My dream picks up where my memory left off.

Katie and I jam in the doorway, laughing so hard, our knees go weak. The moist heat of our skin abrades painfully.

“The watermelon pop is mine!” Katie jabs me in the ribs.


A set of battered green suitcases sitting next to the love seat halts my laughter. Katie is still giggling and trying to give me a noogie, but when I don’t scream, she stops.

Muffled voices come from the kitchen, ending abruptly, and Mom walks into the living room. Her hazel eyes widen when she sees us slumped together in the doorway. Something ugly passes across her face, a hatred of unpleasant scenes.

“Mom?” My gaze flits between her and the suitcases. “Are we going somewhere?”

Katie scoffs. “No, stupid. Mom is running away from us.”

“Girls . . .” Mom starts.

“No, it’s true, isn’t it? You don’t want us.” Katie pushes the rest of the way through the door, leaving me to fall on my duff. She kicks one of the suitcases as hard as she can, banging it into the others so they all tip noisily. “You’re a shitty mother!”

Katie kicks Mom in the shin and races up the stairs.

Dad steps through the archway, his eyes bloodshot. “Katie Linda! Don’t talk to your mother that way!”

“What mother?” Katie yells back.

I can’t stop looking at my mom or the way she flinches at Katie’s words.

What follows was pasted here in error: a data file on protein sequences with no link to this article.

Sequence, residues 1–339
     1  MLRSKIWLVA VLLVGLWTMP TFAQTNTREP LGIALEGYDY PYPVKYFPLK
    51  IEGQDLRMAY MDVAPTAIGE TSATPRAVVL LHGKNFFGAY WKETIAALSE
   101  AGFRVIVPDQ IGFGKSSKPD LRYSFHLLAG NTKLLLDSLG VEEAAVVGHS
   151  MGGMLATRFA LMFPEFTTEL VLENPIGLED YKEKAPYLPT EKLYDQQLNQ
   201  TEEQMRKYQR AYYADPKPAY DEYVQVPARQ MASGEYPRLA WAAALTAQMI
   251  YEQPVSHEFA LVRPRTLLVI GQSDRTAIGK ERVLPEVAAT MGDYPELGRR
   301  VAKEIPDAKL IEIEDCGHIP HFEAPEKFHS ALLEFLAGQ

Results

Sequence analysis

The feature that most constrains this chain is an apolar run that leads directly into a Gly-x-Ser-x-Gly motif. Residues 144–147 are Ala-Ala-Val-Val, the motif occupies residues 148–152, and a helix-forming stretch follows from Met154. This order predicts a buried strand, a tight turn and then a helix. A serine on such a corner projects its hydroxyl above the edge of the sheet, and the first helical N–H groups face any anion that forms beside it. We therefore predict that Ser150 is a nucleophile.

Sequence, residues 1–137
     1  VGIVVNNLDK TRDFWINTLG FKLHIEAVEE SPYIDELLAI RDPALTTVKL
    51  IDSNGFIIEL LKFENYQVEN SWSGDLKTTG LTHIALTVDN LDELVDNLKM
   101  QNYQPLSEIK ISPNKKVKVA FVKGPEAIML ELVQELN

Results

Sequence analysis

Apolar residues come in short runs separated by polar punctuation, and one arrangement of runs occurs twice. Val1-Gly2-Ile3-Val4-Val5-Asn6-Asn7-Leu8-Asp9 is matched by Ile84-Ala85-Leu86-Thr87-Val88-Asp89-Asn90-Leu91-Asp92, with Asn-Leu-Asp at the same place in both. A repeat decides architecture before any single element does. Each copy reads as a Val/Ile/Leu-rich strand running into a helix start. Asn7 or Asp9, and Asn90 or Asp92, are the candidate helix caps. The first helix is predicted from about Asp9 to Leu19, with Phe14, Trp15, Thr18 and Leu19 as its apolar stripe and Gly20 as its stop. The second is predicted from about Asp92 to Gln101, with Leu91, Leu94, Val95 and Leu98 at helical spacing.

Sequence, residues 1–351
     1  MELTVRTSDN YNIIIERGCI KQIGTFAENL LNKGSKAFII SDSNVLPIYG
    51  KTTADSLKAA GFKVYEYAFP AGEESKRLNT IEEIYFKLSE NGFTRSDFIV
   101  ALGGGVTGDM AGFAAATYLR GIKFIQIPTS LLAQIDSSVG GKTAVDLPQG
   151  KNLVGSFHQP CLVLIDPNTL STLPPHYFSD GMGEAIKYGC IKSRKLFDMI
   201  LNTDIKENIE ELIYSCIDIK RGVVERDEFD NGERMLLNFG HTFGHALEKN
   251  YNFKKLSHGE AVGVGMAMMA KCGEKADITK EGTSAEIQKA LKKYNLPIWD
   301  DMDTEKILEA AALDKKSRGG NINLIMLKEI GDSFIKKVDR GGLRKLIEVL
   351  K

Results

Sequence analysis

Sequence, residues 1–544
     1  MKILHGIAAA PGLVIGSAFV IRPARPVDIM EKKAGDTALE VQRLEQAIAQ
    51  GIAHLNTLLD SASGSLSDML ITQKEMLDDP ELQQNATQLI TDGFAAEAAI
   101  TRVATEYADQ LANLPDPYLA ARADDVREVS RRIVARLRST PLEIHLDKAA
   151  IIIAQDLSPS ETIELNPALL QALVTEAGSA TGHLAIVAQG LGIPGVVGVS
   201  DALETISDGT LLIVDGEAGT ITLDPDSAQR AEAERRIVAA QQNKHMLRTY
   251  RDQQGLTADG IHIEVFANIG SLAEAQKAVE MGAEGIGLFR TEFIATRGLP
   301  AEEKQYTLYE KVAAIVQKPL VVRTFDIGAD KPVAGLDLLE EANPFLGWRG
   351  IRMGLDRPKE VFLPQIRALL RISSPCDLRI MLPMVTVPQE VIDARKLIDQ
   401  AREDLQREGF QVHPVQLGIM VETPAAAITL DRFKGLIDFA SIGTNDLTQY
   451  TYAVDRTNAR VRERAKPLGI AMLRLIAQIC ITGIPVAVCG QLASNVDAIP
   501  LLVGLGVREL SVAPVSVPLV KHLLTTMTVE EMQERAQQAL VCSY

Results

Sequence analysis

“Mom? It’s not true, right? You would never leave us!” I’m begging her not to tell me what my heart already knows.

Mom’s face goes blank as she bends down to pick up the suitcases. My father, the most gallant man I know, doesn’t move to help her. He just watches her struggle with a suitcase in each hand and a duffel under one arm. For a moment, I fear she will simply step over me, but she turns and walks through the kitchen.

The gentle closing of the back door shatters my heart.

Almost as if on cue, a luxury car with dark tinted windows pulls up out front. The trunk pops open automatically, and Mom shoves the suitcases in. As she walks around to the passenger side, her face is visible for a horrifying moment.

Her eyes are dry, and I recognize her expression—she can’t get away fast enough.

“Mom, no! Please don’t go!” I scream and cry.